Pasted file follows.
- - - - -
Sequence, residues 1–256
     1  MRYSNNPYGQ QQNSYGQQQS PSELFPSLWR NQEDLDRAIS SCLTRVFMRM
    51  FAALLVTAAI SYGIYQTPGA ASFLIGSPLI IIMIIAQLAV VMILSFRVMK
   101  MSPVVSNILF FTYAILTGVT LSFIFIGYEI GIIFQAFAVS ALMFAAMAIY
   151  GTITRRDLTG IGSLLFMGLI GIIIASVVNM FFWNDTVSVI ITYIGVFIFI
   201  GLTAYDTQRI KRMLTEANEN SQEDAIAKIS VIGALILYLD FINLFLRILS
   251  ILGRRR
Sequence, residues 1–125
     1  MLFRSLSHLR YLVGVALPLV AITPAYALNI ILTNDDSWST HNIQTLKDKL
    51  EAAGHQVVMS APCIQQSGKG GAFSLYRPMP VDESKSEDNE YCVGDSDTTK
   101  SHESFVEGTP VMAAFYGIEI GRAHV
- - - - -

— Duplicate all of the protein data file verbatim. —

Sequence, residues 1–256
     1  MRYSNNPYGQ QQNSYGQQQS PSELFPSLWR NQEDLDRAIS SCLTRVFMRM
    51  FAALLVTAAI SYGIYQTPGA ASFLIGSPLI IIMIIAQLAV VMILSFRVMK
   101  MSPVVSNILF FTYAILTGVT LSFIFIGYEI GIIFQAFAVS ALMFAAMAIY
   151  GTITRRDLTG IGSLLFMGLI GIIIASVVNM FFWNDTVSVI ITYIGVFIFI
   201  GLTAYDTQRI KRMLTEANEN SQEDAIAKIS VIGALILYLD FINLFLRILS
   251  ILGRRR
Sequence, residues 1–125
     1  MLFRSLSHLR YLVGVALPLV AITPAYALNI ILTNDDSWST HNIQTLKDKL
    51  EAAGHQVVMS APCIQQSGKG GAFSLYRPMP VDESKSEDNE YCVGDSDTTK
   101  SHESFVEGTP VMAAFYGIEI GRAHV